Report: Gay-friendly countries tend to be happier countries

The world's 10 happiest countries each have laws in support of gay equality, according to a new report

Topics: Gay Marriage, equality, equal marriage, Gay Rights, LGBT Rights, Happiness, , ,

Report: Gay-friendly countries tend to be happier countries (Credit: Shutterstock)

The more equal a country’s laws and culture, the happier its citizens are, according to data from the Organization for Economic Cooperation and Development. The survey ranked 36 countries according to equally weighted criteria, like income, life expectancy, public safety, community and civic engagement.

As Gay Star News notes, something each of the top 10 “happiest” countries have in common are the pro-LGBT laws on their books. Equal protection under the law and freedom from violence and social stigma, it seems, make people happy (who would have thought?):

Canada, Norway, Sweden, Denmark, Iceland and The Netherlands — countries who allow same-sex couples to marry — all rank within the top 10 happiest developed nations.

These nations have also extended the legal privileges pertaining to different-sex relationships to same-sex couples.

Same-sex marriages have also been proposed, passed or are pending in the other top 10 countries; Australia, The United States, Switzerland and the UK.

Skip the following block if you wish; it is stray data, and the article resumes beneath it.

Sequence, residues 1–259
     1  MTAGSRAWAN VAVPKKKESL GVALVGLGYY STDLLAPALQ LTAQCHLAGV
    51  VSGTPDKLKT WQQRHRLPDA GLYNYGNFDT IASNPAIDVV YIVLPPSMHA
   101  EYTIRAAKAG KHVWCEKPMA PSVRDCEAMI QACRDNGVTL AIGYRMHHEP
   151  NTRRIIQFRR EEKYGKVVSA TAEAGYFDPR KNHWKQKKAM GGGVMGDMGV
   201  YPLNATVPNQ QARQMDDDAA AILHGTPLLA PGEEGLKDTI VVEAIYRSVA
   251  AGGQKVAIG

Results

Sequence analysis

All of the top 10 countries have legislation in place to protect citizens against discrimination based on sexual orientation.

Australia was named the happiest developed nation in the OECD report for the third year in a row.

Happiness isn’t measured exclusively by a country’s support for LGBT equality, but it certainly helps, according to Robert Skidelsky, professor emeritus of political economy at Warwick University. In a 2011 piece for the Guardian, Skidelsky explains how, especially during a time of income stagnation and growing wealth disparities, equality under the law, increased freedom of choice and a greater sense of community can be a major boons to life satisfaction:

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In rich societies over the last three decades, mean incomes have been rising steadily, but typical incomes have been stagnating or even falling. In other words, a minority – a very small minority in countries like the US and Britain – has captured most of the gains of growth. In such cases, it is not more growth that we want, but more equality.

More equality would not only produce the contentment that flows from more security and better health, but also the satisfaction that flows from having more leisure, more time with family and friends, more respect from one’s fellows, and more lifestyle choices.

Katie McDonough is Salon's politics writer, focusing on gender, sexuality and reproductive justice. Follow her on Twitter @kmcdonovgh or email her at

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